"hash": "0wNWu4Of36FGGOu5PznASvULdmjn4vsjmaoMGeUl-BM",
"cmd": "{
//This is where to pass in "exec" environment data
//As seen for fixed quote, we need to pass in "mint-guard" "max-supply" "min-amount"

"manifest": "some-manifest"

//This is the pact function call code;
//read-msg finds the data with appropriate variable name from environment data
"code":"(marmalade.ledger.create-token "MKOCOIN" 12 (read-msg 'manifest) marmalade.fixed-quote-policy)"}}}",
"sigs": {
"e6ee763bd659fb2bb4e1f402f338e4bb374b91434f34d5fd49d85e99a00df9e2": null

Here is an example of the creation of a guard policy token:

//This is where to pass in "exec" environment data
//As seen for fixed quote, we need to pass in "mint-guard" "max-supply" "min-amount
"Payload":{"exec":{"data":{ "manifest” : ”some-manifest”, "mint-guard":{"pred":"keys-all","keys":["e6ee763bd659fb2bb4e1f402f338e4bb374b91434f34d5fd49d85e99a00df9e2"]},
"code":"(marmalade.ledger.create-token "MKOCOIN" 12 (read-msg 'manifest) marmalade.guard-token-policy)"}}}",

Minting a Token: Minting is done through the mint function, which takes parameters id (token name), account (minter account name), guard (keyset of minter), and amount (decimal amount to mint).

The function call looks as simple as this:

(mint "MarmaladeCoin" "MarmaladeAccount" some_keyset_guard_object 20000)

Let's Mint in Marmalade!


A tutorial on minting a PFT with limited supply, fixed quote, and royalty. Token

If you haven’t already, you will need to make a Chainweaver wallet. Go to this tutorial if you need help building one.

Interplanetary Storage Saving

Although storing data on-chain is possible, and recommended for certain use cases, to save on-chain storage for this tutorial, we’re making use of another super cool technology called Inter-Planetary-File-System AKA IPFS, which is a decentralized storage protocol. There are many different IPFS gateways that can be used such as Infura, Pinata, etc. In this tutorial, we will be using Pinata due to its ease of use.

  1. Visit Pinata and sign up for an account.


  1. Once logged in, access the files page.


  1. Upload a file of your choice, image recommended.


And once done, your file is pinned on the decentralized IPFS!

  1. Finally, take note of the CID from the uploaded picture and save the link with the format{YourPicture’sCID}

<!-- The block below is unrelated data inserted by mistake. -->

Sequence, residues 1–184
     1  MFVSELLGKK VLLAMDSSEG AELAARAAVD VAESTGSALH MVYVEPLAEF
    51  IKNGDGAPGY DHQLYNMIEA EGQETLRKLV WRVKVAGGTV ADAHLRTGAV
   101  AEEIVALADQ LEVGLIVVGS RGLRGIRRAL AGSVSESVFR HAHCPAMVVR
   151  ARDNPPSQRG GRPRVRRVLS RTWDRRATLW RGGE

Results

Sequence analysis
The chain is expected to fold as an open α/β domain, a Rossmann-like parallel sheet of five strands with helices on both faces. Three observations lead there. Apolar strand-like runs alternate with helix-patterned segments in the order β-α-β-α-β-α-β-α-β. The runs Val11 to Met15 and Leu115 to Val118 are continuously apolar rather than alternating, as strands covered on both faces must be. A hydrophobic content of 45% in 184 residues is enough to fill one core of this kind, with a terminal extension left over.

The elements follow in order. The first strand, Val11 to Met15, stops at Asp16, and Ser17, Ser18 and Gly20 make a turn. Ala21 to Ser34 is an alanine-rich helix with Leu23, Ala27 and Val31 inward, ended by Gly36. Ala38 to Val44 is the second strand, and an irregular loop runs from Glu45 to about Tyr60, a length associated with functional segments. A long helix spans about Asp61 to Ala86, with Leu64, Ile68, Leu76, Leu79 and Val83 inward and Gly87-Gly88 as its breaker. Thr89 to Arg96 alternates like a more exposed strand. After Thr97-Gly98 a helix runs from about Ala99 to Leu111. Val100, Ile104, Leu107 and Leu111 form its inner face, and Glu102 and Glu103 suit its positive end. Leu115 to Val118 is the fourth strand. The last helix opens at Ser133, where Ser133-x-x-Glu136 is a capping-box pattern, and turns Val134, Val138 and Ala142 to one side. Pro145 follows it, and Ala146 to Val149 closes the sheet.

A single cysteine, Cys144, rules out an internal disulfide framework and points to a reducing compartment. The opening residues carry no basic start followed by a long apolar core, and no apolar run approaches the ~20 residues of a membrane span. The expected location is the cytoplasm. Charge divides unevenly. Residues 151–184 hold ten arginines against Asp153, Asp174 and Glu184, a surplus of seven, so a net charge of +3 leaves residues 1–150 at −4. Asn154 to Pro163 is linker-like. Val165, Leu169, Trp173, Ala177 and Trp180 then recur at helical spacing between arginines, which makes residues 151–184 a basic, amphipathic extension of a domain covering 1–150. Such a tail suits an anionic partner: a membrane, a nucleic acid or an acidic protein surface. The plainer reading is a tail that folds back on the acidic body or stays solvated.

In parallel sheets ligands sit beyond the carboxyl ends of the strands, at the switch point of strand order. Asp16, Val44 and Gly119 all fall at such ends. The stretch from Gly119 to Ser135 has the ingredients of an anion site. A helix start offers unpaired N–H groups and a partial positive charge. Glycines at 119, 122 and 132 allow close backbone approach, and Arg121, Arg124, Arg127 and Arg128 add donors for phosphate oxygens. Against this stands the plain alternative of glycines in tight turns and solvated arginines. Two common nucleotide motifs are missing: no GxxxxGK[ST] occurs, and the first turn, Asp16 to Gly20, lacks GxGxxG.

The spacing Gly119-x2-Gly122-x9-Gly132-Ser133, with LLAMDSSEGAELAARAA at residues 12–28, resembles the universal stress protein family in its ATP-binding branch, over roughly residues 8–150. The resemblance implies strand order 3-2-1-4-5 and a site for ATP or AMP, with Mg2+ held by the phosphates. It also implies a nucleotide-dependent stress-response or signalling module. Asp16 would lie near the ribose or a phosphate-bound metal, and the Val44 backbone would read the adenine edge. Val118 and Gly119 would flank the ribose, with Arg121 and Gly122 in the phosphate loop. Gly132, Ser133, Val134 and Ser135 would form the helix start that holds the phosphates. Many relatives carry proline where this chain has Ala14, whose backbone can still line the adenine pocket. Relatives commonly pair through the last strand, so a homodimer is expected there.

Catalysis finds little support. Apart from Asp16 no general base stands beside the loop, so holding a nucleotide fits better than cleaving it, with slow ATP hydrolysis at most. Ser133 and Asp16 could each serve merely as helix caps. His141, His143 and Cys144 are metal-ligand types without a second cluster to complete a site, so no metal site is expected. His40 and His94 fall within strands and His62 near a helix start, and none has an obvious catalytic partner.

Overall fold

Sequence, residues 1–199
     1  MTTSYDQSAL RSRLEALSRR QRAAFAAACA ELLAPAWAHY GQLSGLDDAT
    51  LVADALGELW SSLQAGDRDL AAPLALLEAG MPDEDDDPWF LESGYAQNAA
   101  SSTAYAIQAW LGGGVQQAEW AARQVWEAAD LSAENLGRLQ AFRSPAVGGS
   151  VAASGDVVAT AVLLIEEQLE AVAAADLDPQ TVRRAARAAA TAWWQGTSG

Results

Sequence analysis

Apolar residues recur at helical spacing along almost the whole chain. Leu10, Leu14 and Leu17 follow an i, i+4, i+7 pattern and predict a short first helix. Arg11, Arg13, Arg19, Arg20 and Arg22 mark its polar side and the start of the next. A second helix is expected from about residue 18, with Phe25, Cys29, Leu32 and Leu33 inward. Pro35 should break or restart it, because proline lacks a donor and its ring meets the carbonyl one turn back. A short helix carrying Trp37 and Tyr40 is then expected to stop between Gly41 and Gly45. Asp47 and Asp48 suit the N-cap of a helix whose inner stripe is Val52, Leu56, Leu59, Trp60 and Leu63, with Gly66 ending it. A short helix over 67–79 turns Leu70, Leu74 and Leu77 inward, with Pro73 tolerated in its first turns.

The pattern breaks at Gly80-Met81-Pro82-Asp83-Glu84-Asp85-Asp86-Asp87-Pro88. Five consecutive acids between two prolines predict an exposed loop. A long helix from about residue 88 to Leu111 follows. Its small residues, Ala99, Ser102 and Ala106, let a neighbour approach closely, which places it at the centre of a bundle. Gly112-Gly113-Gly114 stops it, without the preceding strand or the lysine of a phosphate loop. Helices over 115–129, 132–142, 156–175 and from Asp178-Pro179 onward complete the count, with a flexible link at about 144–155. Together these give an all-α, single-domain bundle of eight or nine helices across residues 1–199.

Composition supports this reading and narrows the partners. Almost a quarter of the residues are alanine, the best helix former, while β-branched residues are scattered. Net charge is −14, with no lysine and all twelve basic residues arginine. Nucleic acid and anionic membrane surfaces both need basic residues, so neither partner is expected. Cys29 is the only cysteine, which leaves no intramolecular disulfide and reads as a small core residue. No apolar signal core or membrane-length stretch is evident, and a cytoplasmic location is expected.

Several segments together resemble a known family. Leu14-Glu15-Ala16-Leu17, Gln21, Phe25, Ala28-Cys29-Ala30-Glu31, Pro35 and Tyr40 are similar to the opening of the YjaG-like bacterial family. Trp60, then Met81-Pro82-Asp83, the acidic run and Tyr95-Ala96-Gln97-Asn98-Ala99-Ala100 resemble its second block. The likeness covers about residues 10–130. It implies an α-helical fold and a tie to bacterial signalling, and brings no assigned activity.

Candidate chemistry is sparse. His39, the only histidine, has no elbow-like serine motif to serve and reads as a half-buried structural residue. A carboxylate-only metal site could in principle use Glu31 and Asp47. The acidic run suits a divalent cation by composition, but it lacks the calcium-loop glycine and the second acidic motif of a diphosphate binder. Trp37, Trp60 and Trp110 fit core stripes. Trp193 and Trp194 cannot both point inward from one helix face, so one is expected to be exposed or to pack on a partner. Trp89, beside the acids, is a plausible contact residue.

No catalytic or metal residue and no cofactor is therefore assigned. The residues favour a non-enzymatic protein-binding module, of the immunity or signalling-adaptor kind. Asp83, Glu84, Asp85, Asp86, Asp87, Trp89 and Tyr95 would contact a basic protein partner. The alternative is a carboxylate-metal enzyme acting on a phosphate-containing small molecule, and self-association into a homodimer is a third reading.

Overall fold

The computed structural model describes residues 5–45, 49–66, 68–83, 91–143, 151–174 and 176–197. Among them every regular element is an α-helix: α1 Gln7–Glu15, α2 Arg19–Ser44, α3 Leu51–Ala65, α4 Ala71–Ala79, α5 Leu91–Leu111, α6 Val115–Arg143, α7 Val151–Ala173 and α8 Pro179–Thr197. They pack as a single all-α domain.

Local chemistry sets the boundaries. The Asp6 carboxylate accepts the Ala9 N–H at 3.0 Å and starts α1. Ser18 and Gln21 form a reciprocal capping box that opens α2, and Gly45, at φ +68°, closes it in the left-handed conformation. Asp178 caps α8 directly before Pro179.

2. We’re now one step closer to minting the Token on-chain! Next, If you have a private public key pair, we’ll go straight to creating and minting the token. If not follow this guide to make the private/public keychain and account.

Nothing as Cold as a Mint

Creating a data manifest

The token manifest is the data we want to bind to the token. In this case we would want to bind the lookup URL to the image we uploaded to the IPFS in part one, and maybe some other data like the token’s name and description too!

a. Create the URI and datum

Uri: The contract that we are calling for manifest creation is called kip.token-manifest. However, in the code snippets below, we replaced it with a contractAddress placeholder.

To use the already created kip.token-manifest contract, all you have to do is replace contractAddress with it.

const createUri = async (scheme:Object, data:Object):Promise<Uri> => {

const res = await Pact.fetch.local(
pactCode: `(${contractAddress}.uri (read-string 'scheme) (read-string 'data))`,
//pact-lang-api function to construct transaction meta data
envData: {scheme, data},
// These are some values you can put into the make meta function
// Respectively, they parameters passed into mkMeta are the sender, chain ID, gas price, gas limit, creation time, and time ttl
meta: Pact.lang.mkMeta(‘some-sender’,1,0.000001,100000, Math.round(new Date().getTime() / 1000) - 15, 28800),
const all:Uri =;

The scheme parameter is usually filled with the encoding/type of the URI data and the data parameter is the data itself. URIs are usually used to store on-chain data, but since our image is getting stored off-chain (in IPFS!) we can freely choose what we fill in here.

{% hint style="info" %} Additional Code Explanation

The createUri function calls Pact.fetch.local, which is a function that calls a specified non-signing/read-only contract call to the blockchain. Information on the function can be found here.